Coronavirus SARS-CoV2: BESSY II data accelerate drug development
A coronavirus is keeping the world in suspense. SARS-CoV-2 is highly infectious and can cause severe pneumonia with respiratory distress (COVID-19). Scientists are doing research in order to prevent the viruses from multiplying. A team from the University of Lübeck has now found a promising approach. Using the high-intensity X-ray light from the Berlin synchrotron source BESSY II, they have decoded the three-dimensional architecture of the main protease of SARS-CoV-2. This protein is involved in the reproduction of the virus. Analysing its 3D architecture allows the systematic development of drugs which inhibit the reproduction of the virus.
Teams around the world are working hard to develop active substances against SARS-CoV-2. The structural analysis of functional proteins of the virus is very helpful for this goal. The function of a protein is closely related to its 3-D architecture. If this 3-D architecture is known, it is possible to identify specific points of attack for active substances.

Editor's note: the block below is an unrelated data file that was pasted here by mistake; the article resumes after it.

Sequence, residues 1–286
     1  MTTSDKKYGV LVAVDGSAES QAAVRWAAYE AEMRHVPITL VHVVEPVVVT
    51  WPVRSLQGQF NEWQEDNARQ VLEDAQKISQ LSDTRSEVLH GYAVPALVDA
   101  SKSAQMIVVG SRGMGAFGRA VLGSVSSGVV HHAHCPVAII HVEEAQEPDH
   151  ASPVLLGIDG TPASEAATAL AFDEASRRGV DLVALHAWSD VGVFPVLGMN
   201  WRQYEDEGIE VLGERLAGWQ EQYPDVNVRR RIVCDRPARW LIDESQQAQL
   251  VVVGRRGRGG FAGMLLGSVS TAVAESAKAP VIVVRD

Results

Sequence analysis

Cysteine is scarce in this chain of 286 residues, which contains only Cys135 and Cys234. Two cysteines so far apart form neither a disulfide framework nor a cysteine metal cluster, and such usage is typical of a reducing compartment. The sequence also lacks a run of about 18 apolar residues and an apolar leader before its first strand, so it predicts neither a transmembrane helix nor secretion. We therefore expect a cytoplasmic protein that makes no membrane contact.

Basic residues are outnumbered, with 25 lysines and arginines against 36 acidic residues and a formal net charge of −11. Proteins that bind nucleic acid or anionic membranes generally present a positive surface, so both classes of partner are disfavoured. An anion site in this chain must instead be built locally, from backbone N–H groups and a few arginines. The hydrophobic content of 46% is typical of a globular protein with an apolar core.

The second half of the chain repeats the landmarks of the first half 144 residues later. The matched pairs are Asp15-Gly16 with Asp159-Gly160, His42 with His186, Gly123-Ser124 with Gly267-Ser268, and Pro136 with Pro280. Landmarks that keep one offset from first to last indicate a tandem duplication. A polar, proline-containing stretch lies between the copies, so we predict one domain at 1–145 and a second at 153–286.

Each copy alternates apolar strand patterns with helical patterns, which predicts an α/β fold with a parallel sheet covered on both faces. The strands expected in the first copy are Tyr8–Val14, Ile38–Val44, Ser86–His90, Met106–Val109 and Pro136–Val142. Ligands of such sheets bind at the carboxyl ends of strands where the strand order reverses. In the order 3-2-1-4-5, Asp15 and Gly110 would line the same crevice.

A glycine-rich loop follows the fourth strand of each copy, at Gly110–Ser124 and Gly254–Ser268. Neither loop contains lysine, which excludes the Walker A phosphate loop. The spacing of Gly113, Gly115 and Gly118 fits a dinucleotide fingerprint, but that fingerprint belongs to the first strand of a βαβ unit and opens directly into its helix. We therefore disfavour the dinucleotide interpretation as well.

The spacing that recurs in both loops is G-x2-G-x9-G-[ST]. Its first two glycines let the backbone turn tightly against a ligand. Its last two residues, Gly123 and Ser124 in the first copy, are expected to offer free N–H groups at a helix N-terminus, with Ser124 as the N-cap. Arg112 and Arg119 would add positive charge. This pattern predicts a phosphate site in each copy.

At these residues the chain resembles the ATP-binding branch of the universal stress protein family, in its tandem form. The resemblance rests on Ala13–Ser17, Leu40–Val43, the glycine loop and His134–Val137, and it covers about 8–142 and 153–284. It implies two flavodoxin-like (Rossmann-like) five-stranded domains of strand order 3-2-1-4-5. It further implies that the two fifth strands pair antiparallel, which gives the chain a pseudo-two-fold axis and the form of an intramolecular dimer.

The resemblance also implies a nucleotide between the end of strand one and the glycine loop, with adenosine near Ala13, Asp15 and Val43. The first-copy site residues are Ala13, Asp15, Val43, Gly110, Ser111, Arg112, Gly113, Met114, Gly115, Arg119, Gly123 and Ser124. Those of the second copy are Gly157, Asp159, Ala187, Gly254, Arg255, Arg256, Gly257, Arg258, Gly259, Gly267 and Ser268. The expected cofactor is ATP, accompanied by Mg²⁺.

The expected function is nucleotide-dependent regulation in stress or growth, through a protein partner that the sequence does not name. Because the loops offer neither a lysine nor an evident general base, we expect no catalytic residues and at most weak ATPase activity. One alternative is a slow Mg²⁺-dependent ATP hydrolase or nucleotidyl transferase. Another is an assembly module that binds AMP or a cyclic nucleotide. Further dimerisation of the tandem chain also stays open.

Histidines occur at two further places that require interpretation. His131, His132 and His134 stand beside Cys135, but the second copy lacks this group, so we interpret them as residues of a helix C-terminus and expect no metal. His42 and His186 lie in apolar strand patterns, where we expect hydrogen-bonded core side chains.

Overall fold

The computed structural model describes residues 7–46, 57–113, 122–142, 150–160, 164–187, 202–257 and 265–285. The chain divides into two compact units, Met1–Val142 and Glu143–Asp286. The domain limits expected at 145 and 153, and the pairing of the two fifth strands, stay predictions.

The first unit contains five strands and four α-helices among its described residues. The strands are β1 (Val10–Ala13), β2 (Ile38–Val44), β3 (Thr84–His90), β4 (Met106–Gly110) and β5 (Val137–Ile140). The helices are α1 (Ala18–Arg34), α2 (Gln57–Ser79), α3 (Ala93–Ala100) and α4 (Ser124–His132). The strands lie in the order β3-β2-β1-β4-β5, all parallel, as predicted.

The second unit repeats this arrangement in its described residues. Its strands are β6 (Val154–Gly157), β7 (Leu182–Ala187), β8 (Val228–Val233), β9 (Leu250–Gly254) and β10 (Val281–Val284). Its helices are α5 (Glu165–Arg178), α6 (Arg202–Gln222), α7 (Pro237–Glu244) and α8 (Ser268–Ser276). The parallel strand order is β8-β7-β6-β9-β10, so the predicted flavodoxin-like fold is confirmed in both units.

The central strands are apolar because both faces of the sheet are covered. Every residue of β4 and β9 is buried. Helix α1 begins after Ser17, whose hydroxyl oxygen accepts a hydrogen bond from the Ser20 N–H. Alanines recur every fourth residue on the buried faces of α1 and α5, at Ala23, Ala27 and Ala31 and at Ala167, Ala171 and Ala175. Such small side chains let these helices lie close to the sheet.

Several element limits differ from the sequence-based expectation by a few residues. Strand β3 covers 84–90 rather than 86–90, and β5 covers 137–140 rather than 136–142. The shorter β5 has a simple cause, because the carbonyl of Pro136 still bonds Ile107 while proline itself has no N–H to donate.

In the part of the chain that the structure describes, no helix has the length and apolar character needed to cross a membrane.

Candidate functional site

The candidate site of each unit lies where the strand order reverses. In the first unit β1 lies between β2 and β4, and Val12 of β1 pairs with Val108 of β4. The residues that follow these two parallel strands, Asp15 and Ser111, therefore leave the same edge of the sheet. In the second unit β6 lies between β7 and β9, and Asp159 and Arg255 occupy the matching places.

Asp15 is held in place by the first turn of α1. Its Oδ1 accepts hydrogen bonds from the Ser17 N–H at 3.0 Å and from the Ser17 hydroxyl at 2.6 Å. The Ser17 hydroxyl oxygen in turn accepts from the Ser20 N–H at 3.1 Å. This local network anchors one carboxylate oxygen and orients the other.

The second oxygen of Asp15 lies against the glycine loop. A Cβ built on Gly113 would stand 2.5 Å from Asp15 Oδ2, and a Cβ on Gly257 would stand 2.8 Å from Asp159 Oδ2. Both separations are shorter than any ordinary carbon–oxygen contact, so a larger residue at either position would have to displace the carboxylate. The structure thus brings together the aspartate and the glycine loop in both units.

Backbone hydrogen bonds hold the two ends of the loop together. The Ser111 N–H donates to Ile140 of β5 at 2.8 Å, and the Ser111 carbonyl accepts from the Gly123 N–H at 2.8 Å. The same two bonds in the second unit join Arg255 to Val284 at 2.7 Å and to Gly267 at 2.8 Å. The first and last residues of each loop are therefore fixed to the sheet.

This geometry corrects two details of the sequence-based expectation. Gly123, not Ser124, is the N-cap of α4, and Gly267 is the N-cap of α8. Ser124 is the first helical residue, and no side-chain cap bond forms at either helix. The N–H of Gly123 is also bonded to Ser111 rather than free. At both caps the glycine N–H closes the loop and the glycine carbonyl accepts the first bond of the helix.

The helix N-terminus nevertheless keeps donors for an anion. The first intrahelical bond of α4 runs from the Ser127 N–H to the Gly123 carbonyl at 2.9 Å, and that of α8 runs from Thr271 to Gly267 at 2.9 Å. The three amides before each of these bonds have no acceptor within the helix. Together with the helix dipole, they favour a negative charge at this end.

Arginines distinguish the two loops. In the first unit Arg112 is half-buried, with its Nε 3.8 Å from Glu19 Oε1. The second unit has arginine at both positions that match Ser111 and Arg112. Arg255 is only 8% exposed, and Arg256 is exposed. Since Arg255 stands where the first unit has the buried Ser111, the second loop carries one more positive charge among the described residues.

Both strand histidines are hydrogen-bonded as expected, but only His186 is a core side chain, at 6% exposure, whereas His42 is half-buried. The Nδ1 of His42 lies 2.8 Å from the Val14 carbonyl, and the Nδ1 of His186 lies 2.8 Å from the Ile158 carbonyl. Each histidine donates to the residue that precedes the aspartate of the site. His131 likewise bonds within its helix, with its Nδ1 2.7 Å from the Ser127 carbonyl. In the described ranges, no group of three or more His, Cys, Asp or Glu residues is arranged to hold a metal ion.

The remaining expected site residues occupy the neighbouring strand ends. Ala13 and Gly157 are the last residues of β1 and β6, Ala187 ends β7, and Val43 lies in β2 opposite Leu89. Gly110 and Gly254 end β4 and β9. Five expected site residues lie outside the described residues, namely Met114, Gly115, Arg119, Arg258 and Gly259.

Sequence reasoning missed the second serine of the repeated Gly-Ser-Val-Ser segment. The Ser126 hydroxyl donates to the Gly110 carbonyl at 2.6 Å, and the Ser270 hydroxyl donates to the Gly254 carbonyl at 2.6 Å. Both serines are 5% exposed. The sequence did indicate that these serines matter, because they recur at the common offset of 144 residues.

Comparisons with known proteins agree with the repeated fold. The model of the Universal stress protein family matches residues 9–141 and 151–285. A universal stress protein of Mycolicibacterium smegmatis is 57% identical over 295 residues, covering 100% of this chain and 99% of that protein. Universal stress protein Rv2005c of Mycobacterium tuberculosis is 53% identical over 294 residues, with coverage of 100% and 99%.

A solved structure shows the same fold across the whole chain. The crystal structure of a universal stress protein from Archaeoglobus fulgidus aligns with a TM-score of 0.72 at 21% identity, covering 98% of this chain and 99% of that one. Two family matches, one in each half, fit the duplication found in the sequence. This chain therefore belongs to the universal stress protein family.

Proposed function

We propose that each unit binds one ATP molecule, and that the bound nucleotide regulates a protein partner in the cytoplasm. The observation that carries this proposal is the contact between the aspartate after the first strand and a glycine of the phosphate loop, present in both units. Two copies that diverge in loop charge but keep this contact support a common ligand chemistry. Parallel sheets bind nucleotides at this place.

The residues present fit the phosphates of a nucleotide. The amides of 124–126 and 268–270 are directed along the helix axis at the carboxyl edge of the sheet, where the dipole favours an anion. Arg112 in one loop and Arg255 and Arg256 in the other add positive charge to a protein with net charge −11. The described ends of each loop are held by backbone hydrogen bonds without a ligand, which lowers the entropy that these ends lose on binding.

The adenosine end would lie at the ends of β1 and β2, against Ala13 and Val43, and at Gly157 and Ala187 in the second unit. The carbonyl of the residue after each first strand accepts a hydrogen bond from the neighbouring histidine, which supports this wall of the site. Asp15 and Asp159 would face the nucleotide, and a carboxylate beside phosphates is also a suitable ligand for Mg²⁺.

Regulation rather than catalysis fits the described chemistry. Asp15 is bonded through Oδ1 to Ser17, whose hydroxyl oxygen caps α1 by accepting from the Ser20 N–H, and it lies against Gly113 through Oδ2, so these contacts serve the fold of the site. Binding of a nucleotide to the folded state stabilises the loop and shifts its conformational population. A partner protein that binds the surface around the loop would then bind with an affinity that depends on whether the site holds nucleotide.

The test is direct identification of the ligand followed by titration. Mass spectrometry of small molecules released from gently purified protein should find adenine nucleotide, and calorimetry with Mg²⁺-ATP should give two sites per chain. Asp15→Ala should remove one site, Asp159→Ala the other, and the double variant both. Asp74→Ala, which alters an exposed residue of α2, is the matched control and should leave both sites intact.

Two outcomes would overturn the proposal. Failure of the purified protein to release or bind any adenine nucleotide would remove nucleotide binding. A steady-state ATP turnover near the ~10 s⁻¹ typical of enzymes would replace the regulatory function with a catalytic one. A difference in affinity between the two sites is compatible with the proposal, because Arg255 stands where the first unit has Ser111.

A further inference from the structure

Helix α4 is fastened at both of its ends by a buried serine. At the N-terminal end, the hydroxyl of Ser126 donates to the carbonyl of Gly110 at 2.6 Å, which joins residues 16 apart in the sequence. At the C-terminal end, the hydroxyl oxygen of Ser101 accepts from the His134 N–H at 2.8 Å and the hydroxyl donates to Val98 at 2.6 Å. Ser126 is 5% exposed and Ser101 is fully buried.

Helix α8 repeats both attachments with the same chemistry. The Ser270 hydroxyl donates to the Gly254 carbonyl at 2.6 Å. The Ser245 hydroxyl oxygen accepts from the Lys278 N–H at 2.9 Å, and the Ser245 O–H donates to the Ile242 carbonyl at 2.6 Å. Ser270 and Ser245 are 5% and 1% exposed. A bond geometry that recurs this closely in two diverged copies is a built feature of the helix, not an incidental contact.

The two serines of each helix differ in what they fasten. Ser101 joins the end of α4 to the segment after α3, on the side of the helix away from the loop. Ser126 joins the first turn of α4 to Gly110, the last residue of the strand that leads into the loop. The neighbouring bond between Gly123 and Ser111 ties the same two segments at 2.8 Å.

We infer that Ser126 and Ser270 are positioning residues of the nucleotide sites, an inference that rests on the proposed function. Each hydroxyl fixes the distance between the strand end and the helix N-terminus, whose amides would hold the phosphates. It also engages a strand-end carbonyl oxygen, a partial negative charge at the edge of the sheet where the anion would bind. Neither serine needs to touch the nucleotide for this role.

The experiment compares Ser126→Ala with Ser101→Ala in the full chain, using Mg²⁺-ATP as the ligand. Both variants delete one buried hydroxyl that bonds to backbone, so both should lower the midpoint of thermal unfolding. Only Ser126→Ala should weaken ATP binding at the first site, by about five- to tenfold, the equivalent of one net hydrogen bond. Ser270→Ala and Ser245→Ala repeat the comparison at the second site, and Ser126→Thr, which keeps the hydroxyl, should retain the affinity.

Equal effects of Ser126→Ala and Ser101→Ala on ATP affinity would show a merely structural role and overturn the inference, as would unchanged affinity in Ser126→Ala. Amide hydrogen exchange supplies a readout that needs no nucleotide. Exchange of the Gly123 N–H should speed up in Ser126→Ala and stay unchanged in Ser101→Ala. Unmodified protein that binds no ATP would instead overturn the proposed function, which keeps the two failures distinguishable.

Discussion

A special protein is responsible for the reproduction of the viruses: the viral main protease (Mpro or also 3CLpro). A team led by Prof. Dr. Rolf Hilgenfeld, University of Lübeck, has now decoded the 3-D architecture of the main protease of SARS-CoV-2. The researchers have used the high-intensity X-ray light from the BESSY II facility of the Helmholtz-Zentrum Berlin.
"For such issues of highest relevance, we can offer fast track access to our instruments," says Dr. Manfred Weiss, who heads the Research Group Macromolecular Crystallography (MX) at HZB. At the so-called MX instruments tiny protein crystals can be analysed with highly brilliant X-ray light. The images contain information about the 3-D architecture of the protein molecules. The complex shape of the protein molecule and its electron density is then calculated by computer algorithms.
The 3-D architecture provides concrete starting points for developing active substances or inhibitors. These drugs could dock specifically to target points of the macromolecule and impede its function. Rolf Hilgenfeld is a world-renowned expert in the field of virology and already developed an inhibitor against the SARS-virus during the 2002/2003 SARS pandemic. In 2016, he succeeded in deciphering an enzyme of the Zika virus.